Head injury - first aid

Brain injury; Head trauma

A head injury is any trauma to the scalp, skull, or brain. The injury may be only a minor bump on the skull or a serious brain injury.

Head injury can be either closed or open (penetrating).

  • A closed head injury means you received a hard blow to the head from striking an object, but the object did not break the skull.
  • An open, or penetrating, head injury means you were hit with an object that broke the skull and entered the brain. This is more likely to happen when you move at high speed, such as going through the windshield during a car accident. It can also happen from a gunshot to the head.

Head injuries include:

  • Concussion, in which the brain is shaken, is the most common type of traumatic brain injury.
  • Scalp wounds.
  • Skull fractures.

Head injuries may cause bleeding:

Head injury is a common reason for an emergency room visit. A large number of people who suffer head injuries are children. Traumatic brain injury (TBI) accounts for over 1 in 6 injury-related hospital admissions each year.

Concussion

A concussion may result when the head strikes against an object or is struck by an object. Concussions may produce unconsciousness or bleeding in or around the brain.

Bicycle helmet - proper usage

Helmets can save lives and prevent trauma, but only if they are worn properly. A helmet should be worn squarely on the top of the head, covering the top of the forehead. The chinstrap must be fastened and the helmet should fit snugly and comfortably. The helmet should not be able to move side-to-side or front-to-back. Most helmets come with removable pads so you can customize the fit for any child.

Head injury

Head injuries can range from a minor bump on the head to a devastating brain injury. Learning to recognize a serious head injury, and implementing basic first aid, can make the difference in saving someones life. Common causes of head injury include traffic accidents, falls, physical assault, and accidents at home, work, outdoors, or while playing sports.

Intracerebellar hemorrhage - CT scan

Intracerebellar hemorrhage shown by CT scan. This hemorrhage followed use of t-PA.

Indications of head injury

Head injury can be classified as either closed or penetrating. In closed head injury, the head sustains a blunt force by striking against an object. In penetrating head injuries, a high velocity object breaks through the skull and enters the brain. The signs and symptoms of a head injury may occur immediately or develop slowly over several hours.

You've fallen and hit your head. It hurts a little, but you're not bleeding and you feel okay. Do you have a head injury, or are you fine? Knowing how to tell a minor head injury from a serious one could literally save your life. Let's talk about head injuries. Millions of people get head injuries every year. They get into car accidents or fights, they fall, or they get hit in the head while playing sports or working on the job. Most head injuries are minor, because your head comes equipped with its own natural hard hat, a protective skull that surrounds and protects your brain. But sometimes that protection isn't enough. More than a half-million people each year get head injuries severe enough to send them to the hospital. The most common type of head injury is a concussion. That's when a hit in the head makes your brain jiggle around in your skull. You can also get a bruise on your brain, called a contusion. Brain contusions are a lot more serious than bruises from a bump on the arm or leg. Other types of head injuries include a fractured skull or a cut on your scalp. If you get hit in the head or fall and you don't bleed, you've got a closed head injury. If an object enters your brain, like glass from a windshield during a car accident or a bullet from a gunshot, then you have an open head injury. It can be very hard to tell if you've got a minor closed head injury or a serious one. Your head might look perfectly fine from the outside, when you actually have bleeding or swelling inside your brain. To tell the difference, look for other signs of a serious head injury, such as a severe headache; Clear or bloody fluid coming from your nose, ears, or mouth; Confusion, drowsiness, or a loss of consciousness; Changes in the way you hear, see, taste, or smell; memory loss; mood changes or strange behaviors; slurred speech or recurrent vomiting. If you or someone else has any of these symptoms, call for medical help right away. If you don't have these symptoms and you think it's just a minor head injury, you probably don't need to be treated. Just ask a friend or family member to keep an eye on you. If it's your child or someone else with the head injury, wake them up from sleep every 2 or 3 hours to ask questions like, Where are you? and What's your name? just to make sure they're alert. If you're in any doubt about whether a head injury is serious, play it safe and get medical help. To play it even safer, protect your head during any activities that could lead to an injury. Wear a helmet whenever you skateboard, roller skate, ski, snowboard, or ride a bike or motorcycle. Put on your seatbelt whenever you're in the car. And put kids in an age-appropriate car seat or booster seat.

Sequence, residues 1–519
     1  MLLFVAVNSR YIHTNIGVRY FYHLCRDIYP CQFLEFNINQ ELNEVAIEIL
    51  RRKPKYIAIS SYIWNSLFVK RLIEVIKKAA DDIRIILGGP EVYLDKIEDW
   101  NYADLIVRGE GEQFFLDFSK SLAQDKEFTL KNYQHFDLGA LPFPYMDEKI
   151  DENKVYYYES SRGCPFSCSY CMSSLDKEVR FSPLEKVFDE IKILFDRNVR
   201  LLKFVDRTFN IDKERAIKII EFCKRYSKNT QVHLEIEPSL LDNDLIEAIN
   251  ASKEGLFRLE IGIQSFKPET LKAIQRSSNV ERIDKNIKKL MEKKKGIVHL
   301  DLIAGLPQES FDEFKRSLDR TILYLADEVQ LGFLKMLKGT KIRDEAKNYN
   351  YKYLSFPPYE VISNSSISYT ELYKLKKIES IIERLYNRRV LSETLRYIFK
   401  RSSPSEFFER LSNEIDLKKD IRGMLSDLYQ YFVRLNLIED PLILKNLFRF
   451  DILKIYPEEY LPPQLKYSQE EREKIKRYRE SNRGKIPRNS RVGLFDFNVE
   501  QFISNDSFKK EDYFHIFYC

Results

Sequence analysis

Causes

Symptoms

First Aid

Do Not

When to Contact a Medical Professional

Prevention